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Development of ferroelectric devices delivering giant voltage under visible light

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Posted October 21, 2015

University of Tokyo researchers have succeeded in developing ferroelectric devices delivering a high voltage of 23 volts under visible light. This result is expected to contribute to clean energy generation from sunlight.

Ferroelectric polarization domain walls deliver giant voltage under visible light Ferroelectrics with no walls (a) generate 5 volts while those with polarization walls (b) deliver a high voltage of +23 volts. The polarization walls originating from spontaneous polarization in ferroelectrics (c) are demonstrated to have a photovoltaic effect 8000 times as high as the inside of a crystal (d). Image credit: Yuji Noguchi.

Ferroelectric polarization domain walls deliver giant voltage under visible light. Ferroelectrics with no walls (a) generate 5 volts while those with polarization walls (b) deliver a high voltage of +23 volts. The polarization walls originating from spontaneous polarization in ferroelectrics (c) are demonstrated to have a photovoltaic effect 8000 times as high as the inside of a crystal (d). Image credit: Yuji Noguchi.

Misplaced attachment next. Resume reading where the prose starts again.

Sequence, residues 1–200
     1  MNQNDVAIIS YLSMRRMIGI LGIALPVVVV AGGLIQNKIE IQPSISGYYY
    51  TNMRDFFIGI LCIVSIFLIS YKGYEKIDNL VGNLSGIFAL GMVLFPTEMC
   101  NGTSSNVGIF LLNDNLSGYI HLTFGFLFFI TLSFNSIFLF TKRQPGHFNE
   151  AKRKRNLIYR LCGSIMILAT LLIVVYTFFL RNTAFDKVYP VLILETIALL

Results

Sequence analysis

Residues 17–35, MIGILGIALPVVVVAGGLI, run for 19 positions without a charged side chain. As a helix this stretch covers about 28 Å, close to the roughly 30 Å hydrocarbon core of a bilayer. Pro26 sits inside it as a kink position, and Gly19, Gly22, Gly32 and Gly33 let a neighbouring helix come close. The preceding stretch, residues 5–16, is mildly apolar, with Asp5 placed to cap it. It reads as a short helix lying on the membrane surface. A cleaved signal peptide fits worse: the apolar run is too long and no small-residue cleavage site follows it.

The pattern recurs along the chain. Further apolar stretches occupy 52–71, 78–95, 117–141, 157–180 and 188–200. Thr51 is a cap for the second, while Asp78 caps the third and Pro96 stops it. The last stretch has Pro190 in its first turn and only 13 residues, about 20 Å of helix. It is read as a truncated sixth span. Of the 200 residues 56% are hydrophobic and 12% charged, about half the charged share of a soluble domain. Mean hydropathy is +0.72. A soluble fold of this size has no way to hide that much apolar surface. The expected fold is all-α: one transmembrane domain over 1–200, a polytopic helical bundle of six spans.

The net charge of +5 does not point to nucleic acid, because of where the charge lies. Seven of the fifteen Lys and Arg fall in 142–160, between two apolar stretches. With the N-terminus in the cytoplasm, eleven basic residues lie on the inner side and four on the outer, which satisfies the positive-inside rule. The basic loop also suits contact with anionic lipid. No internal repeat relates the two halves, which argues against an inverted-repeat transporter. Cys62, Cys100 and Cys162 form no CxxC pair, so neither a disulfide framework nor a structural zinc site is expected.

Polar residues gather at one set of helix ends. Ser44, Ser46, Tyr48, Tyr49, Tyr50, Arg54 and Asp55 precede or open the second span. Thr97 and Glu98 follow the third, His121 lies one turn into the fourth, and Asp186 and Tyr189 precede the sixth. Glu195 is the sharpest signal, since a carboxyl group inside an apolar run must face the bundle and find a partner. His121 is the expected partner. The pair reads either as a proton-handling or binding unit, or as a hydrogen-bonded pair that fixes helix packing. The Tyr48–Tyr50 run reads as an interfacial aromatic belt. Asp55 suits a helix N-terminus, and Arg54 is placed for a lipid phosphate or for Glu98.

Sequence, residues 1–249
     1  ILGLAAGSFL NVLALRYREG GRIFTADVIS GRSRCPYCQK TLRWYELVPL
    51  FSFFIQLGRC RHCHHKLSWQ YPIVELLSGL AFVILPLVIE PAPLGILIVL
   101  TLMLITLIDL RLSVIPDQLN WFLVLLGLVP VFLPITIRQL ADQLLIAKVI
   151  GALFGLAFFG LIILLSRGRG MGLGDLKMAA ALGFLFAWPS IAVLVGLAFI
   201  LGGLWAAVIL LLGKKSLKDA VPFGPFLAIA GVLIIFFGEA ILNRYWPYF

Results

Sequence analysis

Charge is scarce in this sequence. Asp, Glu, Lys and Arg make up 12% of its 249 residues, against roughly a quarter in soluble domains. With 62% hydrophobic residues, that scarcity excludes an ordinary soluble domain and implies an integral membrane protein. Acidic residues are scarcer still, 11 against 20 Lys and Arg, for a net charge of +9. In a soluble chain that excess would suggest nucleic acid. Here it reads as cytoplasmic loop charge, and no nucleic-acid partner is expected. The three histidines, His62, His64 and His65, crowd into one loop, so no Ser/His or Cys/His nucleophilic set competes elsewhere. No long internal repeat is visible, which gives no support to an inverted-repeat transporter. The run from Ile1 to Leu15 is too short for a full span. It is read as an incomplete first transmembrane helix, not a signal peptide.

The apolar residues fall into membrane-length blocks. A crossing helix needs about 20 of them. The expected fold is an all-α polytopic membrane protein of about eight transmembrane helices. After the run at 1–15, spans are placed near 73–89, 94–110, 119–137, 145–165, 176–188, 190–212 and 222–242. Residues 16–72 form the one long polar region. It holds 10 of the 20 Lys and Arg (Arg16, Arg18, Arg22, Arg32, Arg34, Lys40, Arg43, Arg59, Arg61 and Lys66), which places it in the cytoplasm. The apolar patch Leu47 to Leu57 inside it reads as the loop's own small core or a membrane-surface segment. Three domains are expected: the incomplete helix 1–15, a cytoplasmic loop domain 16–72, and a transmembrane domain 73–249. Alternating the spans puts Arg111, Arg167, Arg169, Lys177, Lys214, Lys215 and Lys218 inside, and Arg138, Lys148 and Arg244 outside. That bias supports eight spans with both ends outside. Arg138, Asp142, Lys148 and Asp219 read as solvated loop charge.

Semiconductor materials capable of converting light into electricity are utilized in photovoltaic cells. However, the voltage that can be generated by present semiconductor-based devices is of the order of a few volts at most. Recently it has been reported that high voltages can be generated in ferroelectric thin films, which has stimulated active research and development of photoelectric conversion devices using ferroelectric materials. However, multiple challenges remained, such as difficulty in establishing device design and still unknown principles behind power generation.

The research group of Associate Professor Yuji Noguchi, then-Project Researcher Ryotaro Inoue and Professor Masaru Miyayama at the Graduate School of Engineering demonstrated the generation of a high voltage from visible light using a crystal of the ferroelectric material barium titanate using a polarization wall with a few nanometers thickness between domains. In addition, the research group showed that by controlling the structure of the polarization wall is possible in principle to obtain huge voltages of over 1000 volts.

“This results obtained in this study may also be applicable to other polar materials such as zinc oxides and gallium nitride,” says Associate Professor Noguchi. He continues, “The combination of this research with conventional semiconductor photovoltaic systems may lead to increases in photoelectric conversion efficiency.”

Source: University of Tokyo

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